Example CORDEX Temperature
Examples of how changes in temperature can be shown in a climate scenario for the winter season (December-January-February) 2071-2100, compared to the reference period 1971-2000. In this calculation over future development, RCP 8.5 is used, the scenario that corresponds to the strongest intensification of the greenhouse effect of the four RCPs. The top row of pictures show the regional processing of the nine global climate models. The bottom row shows the mean values of the nine global climate models in the lower resolution, i.e. each calculation box is larger. In the first column we see reference values for winter temperature, expressed in degrees C for the period 1971-2000. In the second column we see the change in one scenario for the years 2071-2100, i.e. how much the mean temperature has changed compared to the period 1971-2000, also here in degrees C. In the largest part of Sweden the temperature in the winter has increased by more than 4 degrees C in the period 2071-2100 compared to 100 years earlier. Column three shows the distribution between the different models (the standard deviation) expressed in degrees C. A smaller distribution shows that the models are in agreement about the future temperature. The fourth column shows the number of models that indicate an increased temperature. All models show that over the whole of Europe’s land mass the temperature will increase.

Part of the CORDEX project

The new regional climate simulations are a part of CORDEX, a project within the World Climate Research Programme. The regional climate simulations are based on the new RCPs (Representative Concentration Pathways) and data from CMIP5, which also forms the basis of IPCC’s fifth climate report.

After IPCC’s fourth climate report in 2007 it became evident that there was a lack of detailed regional information concerning climate development in the world. In response to this CORD was created, a collaboration to compare the ability of different climate models to describe the climate and to produce climate projections to use in effect and adaptation studies.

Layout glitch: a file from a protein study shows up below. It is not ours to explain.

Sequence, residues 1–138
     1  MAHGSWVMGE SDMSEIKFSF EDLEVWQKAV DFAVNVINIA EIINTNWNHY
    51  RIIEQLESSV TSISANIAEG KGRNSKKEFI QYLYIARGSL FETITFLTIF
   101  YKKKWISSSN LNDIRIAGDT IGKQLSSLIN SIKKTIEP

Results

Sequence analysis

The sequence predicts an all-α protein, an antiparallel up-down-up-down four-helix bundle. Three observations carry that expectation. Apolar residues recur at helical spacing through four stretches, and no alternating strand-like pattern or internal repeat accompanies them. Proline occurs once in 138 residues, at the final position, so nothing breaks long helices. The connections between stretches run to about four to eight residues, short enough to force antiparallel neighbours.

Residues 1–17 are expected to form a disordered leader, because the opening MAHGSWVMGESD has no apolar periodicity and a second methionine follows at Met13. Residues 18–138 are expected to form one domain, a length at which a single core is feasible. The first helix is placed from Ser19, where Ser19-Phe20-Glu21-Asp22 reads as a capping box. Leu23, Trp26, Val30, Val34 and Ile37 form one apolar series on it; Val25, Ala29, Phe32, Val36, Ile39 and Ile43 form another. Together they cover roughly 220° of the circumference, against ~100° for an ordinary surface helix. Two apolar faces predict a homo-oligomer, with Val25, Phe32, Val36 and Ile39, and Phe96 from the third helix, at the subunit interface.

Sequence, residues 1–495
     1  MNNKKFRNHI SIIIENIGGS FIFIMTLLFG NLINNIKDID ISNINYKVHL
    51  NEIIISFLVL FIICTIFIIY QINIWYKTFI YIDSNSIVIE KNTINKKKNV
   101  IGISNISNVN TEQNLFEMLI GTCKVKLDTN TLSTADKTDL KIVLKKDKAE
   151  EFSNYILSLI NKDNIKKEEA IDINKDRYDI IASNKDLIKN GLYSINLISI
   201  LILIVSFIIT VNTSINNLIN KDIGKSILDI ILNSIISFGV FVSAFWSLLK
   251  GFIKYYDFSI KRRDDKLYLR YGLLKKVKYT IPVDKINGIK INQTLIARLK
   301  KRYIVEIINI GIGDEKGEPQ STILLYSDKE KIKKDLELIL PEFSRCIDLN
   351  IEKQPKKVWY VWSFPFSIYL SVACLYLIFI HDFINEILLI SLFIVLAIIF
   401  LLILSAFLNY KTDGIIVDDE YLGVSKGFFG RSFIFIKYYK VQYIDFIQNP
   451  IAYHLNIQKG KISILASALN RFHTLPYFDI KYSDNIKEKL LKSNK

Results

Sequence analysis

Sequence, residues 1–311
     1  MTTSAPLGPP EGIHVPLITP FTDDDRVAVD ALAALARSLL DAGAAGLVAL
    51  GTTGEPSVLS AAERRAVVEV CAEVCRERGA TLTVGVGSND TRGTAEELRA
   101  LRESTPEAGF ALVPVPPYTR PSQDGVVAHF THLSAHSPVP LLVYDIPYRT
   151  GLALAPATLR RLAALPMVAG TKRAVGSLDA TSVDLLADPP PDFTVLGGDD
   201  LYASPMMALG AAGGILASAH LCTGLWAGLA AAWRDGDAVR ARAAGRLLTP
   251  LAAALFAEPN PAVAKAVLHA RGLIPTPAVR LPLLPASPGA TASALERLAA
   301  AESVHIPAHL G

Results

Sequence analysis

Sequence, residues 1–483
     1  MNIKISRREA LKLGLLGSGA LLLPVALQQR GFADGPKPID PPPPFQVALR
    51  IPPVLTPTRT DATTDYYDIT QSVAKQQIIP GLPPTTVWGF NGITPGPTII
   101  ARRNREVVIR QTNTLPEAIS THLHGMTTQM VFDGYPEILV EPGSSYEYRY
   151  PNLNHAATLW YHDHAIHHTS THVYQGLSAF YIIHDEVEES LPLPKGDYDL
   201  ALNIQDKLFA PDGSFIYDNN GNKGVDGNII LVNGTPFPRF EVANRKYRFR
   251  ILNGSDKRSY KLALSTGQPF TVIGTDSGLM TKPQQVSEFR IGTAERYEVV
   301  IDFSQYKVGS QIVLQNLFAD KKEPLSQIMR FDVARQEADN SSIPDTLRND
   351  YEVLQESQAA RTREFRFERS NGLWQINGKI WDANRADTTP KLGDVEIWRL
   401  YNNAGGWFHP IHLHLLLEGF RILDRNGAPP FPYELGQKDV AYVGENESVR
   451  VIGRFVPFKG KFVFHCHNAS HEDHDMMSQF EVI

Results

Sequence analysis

Initially CORDEX focused on Africa, but simulations have now been made over a large part of the world’s land mass.

SMHI is one of the main partners in CORDEX. CORDEX stands for Coordinated Regional Climate Downscaling Experiment.

CMIP5 stands for Coupled Model Intercomparison Project Phase 5 and is a global collaboration concerning climate calculations. CMIP5 was established by the World Climate Research Programme.

Facts: SRES and RCP scenarios

There are two different types of scenarios, emissions scenarios and radiation scenarios.

Emissions scenarios are assumptions about the future discharge of greenhouse gases. The emissions scenarios are based on assumptions concerning the future development of the world’s economy, population growth, globalisation, a change to eco-friendly technologies, etc. The amount of greenhouse gases discharged depends on how the world develops. These scenarios are called SRES scenarios (Special Report on Emission Scenarios (Nakićenović, 2000)).

Radiation scenarios are based on assumptions about how the greenhouse effect will intensify in the future, known as radiative forcing (measured in W/m²). The greater the discharge of greenhouse gases, the greater the radiative forcing. Such scenarios are called RCP scenarios (Representative Concentration Pathways (Moss et al., 2010)).